Linguimericks—Book ७७ SpecGram Vol CLXXXVIII, No 3 Contents Anglo-Saxon Speech Rules—Guthric the Left-Handed Linguist of Lindisfarne

Key Figures in the History of Liturgy #12

From SpecGram Vacant Vaticanational Correspondents, Rowan and Cath O’Leek

Liturgy! The very word breathes Life and Breath into the lives of the faithful as they breathe. Liturgy, however, is not mere words, but words in combinationsyntax,1 as it is known in professional linguistic circles.2 Yet, liturgy reaches beyond even that, for it is a string of words used for praise, prayer and worship as the faithful gather together for corporate acts of worship.

Few figures have had greater influence on the development of liturgy than Eduardo della Vaticano della Compostella de Santa Maria della Santa Fe de Christo Jesu e La Apostolos (fl. c. 657 AD). Eddy Compost,3 as he was known to friends, family, and indeed, God, took a leading role in formalising the linguistic structure of liturgy in the 7th century. Eddy’s two principles were well known.4 Firstly: a unit of liturgy should be minimally composed of a complete proposition, i.e., strings in which at least the predicate and all necessary arguments are lexico-syntactically present. Mere phrases, devoid of a predicate, should be disallowed. Eddy’s motivation for this was to ensure total interpretability of the liturgy for any latecomers5 and anyone who had dozed off. This was known as the ‘principle of the clause’ or in Italian il principio della clausola.

The second principle speaks for itself:6 liturgy should be holy. It should elevate (even if it obfuscates) and enlighten (even if it frightens). This principle was known as the ‘holy principle’ or in Italian il principio santo.

Although subsequent developments in liturgy have deviated from these principles (it is now common to hear single lexical utterances, e.g., ‘Amen’, and/or responses that take some or all of their semantic structure from previous strings, e.g., ‘And also with you’), Eddy’s approach to liturgy remains an important contribution to the field and worthy of sustained scholarly interest. Should the reader wish to learn more, one’s local library, as well as reputable internet sources, are widely available; readers should search using the term most commonly associated with the Compostellan liturgical principles (albeit in a slightly anglicised version): Santa Clause.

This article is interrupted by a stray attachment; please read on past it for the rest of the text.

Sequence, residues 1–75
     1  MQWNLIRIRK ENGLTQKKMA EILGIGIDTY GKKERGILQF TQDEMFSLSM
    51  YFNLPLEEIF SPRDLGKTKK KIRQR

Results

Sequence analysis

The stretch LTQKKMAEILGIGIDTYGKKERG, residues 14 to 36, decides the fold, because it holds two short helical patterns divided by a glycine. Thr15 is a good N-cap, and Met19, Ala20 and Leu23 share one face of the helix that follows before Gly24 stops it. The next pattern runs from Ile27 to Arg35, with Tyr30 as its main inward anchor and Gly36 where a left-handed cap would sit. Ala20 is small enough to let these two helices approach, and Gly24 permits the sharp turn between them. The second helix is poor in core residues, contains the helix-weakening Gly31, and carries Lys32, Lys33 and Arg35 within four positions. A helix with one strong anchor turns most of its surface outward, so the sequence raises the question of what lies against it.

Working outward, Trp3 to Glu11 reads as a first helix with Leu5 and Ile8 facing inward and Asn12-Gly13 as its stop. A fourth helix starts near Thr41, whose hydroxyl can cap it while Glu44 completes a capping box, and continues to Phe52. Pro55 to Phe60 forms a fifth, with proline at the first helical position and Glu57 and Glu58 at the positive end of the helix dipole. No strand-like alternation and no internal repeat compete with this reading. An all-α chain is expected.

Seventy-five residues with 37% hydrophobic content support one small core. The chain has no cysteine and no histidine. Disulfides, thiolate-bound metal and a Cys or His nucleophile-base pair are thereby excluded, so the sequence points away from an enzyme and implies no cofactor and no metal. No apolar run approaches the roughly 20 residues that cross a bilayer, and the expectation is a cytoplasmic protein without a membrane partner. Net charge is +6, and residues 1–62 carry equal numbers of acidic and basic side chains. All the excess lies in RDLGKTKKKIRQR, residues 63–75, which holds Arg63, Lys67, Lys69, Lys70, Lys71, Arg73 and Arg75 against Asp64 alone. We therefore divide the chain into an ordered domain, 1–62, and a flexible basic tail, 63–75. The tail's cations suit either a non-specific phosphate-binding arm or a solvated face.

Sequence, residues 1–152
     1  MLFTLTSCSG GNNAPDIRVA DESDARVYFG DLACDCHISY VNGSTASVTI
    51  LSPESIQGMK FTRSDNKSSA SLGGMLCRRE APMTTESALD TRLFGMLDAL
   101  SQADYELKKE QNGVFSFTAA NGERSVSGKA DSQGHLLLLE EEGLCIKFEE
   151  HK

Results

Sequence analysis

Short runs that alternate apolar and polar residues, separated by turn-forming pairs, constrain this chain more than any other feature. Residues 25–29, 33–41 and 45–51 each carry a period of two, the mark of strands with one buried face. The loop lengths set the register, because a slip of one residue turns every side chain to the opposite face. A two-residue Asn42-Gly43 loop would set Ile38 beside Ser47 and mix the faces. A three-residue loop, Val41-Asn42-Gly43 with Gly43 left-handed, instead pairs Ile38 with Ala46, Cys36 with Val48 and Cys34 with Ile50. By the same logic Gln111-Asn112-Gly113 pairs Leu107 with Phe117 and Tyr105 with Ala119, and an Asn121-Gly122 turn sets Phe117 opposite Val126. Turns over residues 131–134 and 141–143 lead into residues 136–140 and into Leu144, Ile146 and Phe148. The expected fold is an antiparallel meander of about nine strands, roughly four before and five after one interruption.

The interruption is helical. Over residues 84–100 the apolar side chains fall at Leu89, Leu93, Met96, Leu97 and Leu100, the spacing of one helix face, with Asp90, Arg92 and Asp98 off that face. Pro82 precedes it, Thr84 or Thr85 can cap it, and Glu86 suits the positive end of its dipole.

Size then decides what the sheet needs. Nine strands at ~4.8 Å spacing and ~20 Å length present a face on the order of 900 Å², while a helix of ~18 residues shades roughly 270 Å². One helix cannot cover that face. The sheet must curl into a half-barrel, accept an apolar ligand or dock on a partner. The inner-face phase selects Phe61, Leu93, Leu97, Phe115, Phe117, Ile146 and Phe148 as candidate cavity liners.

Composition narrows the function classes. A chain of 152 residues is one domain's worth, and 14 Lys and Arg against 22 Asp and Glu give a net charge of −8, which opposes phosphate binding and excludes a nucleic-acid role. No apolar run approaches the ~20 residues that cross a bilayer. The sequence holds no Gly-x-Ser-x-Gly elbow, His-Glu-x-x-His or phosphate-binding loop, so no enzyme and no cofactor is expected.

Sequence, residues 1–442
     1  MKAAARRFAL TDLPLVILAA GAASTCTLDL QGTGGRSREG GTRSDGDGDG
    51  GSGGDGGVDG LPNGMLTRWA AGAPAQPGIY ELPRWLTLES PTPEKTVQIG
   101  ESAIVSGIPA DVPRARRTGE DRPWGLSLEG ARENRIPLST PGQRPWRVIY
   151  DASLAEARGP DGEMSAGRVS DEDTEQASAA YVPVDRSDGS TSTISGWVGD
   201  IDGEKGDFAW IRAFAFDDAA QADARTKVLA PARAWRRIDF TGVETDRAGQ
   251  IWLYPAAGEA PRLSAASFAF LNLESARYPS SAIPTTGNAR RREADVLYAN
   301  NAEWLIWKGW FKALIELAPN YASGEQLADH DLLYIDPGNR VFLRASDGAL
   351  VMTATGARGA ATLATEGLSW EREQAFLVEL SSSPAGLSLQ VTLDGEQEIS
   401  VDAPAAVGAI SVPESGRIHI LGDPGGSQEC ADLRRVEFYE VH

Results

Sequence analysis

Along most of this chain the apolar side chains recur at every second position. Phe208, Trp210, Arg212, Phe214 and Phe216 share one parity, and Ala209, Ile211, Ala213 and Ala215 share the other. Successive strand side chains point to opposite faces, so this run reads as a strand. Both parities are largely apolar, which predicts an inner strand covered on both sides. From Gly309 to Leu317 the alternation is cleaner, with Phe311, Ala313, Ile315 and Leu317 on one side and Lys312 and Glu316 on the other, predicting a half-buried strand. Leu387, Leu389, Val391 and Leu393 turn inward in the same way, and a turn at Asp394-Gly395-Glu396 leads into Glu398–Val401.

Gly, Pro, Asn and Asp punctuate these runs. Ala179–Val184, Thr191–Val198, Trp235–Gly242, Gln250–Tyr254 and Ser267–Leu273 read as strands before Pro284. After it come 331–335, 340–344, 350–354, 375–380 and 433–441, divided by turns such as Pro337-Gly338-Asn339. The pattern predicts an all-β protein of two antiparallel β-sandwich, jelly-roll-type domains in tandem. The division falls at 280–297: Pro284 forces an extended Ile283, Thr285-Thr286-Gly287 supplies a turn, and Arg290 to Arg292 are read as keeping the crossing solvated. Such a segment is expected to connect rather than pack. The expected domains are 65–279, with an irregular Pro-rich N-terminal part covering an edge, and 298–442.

1 The etymology of the term ‘syntax’ should be of interest to the faithful: the ‘syn-’ element also appears in the term ‘synoptic gospels’ meaning ‘seen together’. Thus ‘syntax’ means ‘taxed together’ and emerged as a term used in 7th century Sicily when the Church taxed people who spoke too much on the basis of the grammatical complexity of their utterances.

2 It is also known as ‘syntax’ in both amateur and professional linguistic octagons, dodecahedrons and isosceles triangles. However, by linguistic squares, it is known as ‘the combinatorial properties of lexeme or lexeme-like elements’. In normal linguistic spheres, it is simply ‘grammar’. But by grandma, it is known as syntax, which takes us full circle back to the linguistic circles.

3 He was also an allotment plotholder and owner of a large stables.

4 The reader should be aware that some historical evidence suggests that Eddy attended the Holy Cross School for Boys around 635, a school which operated under a joint-leadership model. For reasons that remained unclear, both co-head teachers had to participate in Europe-wide circus tours, one as a juggler-cum-lion tamer, the other as an acrobat-cum-clown. Thus, when we write ‘Eddy’s two principles were well known’ we don’t mean ‘Eddy’s two principals were well known’.

5 Soon after the implementation of this principle (mid-60s of the 7th century), it effectively became superfluous as latecomers to services were imprisoned for two weeks (from c. 666).

6 Not literally of course; that’s why we’re writing on its behalf.

LinguimericksBook ७७
Anglo-Saxon Speech RulesGuthric the Left-Handed Linguist of Lindisfarne
SpecGram Vol CLXXXVIII, No 3 Contents